PARTICIPATION: Talking to Kids and Teens - Guidelines for Health Care Providers

Summary: Health care professionals should give children and teens the opportunity to understand their health issues and share their thoughts.

1. Start early  
Children and teens believe that participation needs to start early. Even young children should have opportunities to understand what is going on and to share their thoughts.

2. Be sensitive to their developmental level
Children’s ability to understand health issues will vary with age and experience. As a general rule, use simple and clear language at all times.

3. “Check in” often
Checking in regularly ensures that children are given the opportunity to participate over the course of their treatment. Although children have a right to participate, they should never be forced to do so. Providing children with options will give them a sense of autonomy and control over the situation.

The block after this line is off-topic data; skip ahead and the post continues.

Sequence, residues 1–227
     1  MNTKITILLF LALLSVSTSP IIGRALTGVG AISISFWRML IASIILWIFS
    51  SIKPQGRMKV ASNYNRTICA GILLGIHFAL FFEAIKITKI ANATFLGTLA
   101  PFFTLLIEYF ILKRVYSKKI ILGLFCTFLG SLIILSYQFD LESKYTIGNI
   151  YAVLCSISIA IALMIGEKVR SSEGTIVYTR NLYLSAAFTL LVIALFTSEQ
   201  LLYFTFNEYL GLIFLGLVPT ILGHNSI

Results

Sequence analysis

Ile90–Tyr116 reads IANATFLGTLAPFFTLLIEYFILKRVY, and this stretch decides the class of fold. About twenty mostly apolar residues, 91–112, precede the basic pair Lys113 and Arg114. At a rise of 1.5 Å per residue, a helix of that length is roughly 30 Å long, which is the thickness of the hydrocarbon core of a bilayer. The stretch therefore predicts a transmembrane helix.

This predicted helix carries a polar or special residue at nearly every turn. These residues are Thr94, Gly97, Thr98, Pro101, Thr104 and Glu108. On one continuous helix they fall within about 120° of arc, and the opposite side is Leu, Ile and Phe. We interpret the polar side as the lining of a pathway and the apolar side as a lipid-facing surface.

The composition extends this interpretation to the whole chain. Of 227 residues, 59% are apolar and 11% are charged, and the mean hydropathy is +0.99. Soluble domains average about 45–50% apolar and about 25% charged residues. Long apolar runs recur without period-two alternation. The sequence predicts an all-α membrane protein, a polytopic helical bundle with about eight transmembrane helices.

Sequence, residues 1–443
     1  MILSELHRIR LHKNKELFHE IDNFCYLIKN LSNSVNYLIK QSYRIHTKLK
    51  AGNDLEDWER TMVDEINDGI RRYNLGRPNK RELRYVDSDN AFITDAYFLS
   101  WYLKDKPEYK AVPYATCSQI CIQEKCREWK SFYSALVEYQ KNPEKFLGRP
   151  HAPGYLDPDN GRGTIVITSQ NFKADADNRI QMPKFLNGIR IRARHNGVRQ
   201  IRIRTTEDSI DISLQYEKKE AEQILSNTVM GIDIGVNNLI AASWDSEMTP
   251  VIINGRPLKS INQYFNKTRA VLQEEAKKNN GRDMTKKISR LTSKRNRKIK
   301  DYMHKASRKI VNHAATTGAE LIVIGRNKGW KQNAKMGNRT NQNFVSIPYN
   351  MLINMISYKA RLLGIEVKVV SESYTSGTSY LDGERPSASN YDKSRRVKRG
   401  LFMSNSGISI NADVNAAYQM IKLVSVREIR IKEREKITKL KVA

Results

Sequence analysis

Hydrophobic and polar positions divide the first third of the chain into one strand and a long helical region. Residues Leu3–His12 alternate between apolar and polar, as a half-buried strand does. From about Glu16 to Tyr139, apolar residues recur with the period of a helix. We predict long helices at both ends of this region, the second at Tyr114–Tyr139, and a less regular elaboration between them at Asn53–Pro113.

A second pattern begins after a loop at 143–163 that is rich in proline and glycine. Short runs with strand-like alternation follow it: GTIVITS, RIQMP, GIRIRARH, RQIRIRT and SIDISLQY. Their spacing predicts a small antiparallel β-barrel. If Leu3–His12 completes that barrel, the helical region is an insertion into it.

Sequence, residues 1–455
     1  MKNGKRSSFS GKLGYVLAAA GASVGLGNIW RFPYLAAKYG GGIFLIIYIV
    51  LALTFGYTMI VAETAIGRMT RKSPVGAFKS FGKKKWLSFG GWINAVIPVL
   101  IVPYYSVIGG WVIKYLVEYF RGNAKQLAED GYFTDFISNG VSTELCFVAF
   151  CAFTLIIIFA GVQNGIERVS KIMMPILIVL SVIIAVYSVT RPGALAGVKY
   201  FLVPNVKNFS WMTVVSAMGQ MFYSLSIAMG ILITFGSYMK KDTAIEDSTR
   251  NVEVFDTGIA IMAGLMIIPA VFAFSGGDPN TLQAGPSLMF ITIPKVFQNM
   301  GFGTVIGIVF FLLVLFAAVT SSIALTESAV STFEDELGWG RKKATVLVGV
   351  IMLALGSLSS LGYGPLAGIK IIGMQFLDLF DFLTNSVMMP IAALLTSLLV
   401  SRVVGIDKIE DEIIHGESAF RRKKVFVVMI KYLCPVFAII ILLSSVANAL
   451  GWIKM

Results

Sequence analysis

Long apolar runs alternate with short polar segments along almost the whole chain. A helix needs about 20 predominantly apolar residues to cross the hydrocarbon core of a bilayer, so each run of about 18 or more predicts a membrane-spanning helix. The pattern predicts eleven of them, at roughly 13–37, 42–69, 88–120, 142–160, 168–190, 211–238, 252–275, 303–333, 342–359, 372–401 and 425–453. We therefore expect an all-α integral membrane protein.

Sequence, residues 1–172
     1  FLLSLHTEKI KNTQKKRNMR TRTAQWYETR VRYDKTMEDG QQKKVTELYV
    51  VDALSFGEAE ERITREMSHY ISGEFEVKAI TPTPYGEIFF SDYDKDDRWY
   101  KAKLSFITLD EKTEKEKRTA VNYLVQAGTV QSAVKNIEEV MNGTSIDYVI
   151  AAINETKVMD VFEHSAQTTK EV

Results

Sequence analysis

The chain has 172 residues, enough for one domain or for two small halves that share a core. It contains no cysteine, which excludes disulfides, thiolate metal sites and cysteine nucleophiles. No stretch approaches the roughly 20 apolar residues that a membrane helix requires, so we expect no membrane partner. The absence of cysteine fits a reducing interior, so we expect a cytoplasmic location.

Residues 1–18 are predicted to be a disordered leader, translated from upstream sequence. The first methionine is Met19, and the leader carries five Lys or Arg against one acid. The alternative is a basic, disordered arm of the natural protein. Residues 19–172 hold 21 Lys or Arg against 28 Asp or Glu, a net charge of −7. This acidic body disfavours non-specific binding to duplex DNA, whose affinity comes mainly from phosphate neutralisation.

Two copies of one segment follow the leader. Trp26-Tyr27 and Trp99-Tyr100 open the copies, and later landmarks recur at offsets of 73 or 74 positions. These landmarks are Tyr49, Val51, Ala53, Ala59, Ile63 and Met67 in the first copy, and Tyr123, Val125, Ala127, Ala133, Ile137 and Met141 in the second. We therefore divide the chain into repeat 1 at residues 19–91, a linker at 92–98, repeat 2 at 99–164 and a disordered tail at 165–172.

4. Be a good listener
Make eye-contact and give them your full attention – it only takes a few seconds! Where possible, address children directly. Communicating only with parents makes children feel less involved.

5. Recognise and assess their knowledge
Children with a chronic condition are often quite knowledgeable about their health. Find out if they want to learn more about their condition. Doing so will allow them to be involved in the decision-making.

6. Be open and honest
Children prefer adults were honest with them, even with difficult subject matters. Being informed can build trust with the adults around them and prevent unpleasant “surprises”.

7. Collaboration is important
Children and teens rely heavily on the adults and health care professionals around them to help with decision-making. Research shows that a shared and collaborative model of decision-making ensures the best outcomes for the child and family.   

8. Strategies for Coping with Procedures
Allow children and teens to choose activities during medical procedures that will distract their attention and minimise pain.

Based on findings from the Canadian Institutes of Health Research Study. 

Owner: Donna Koller, PhD


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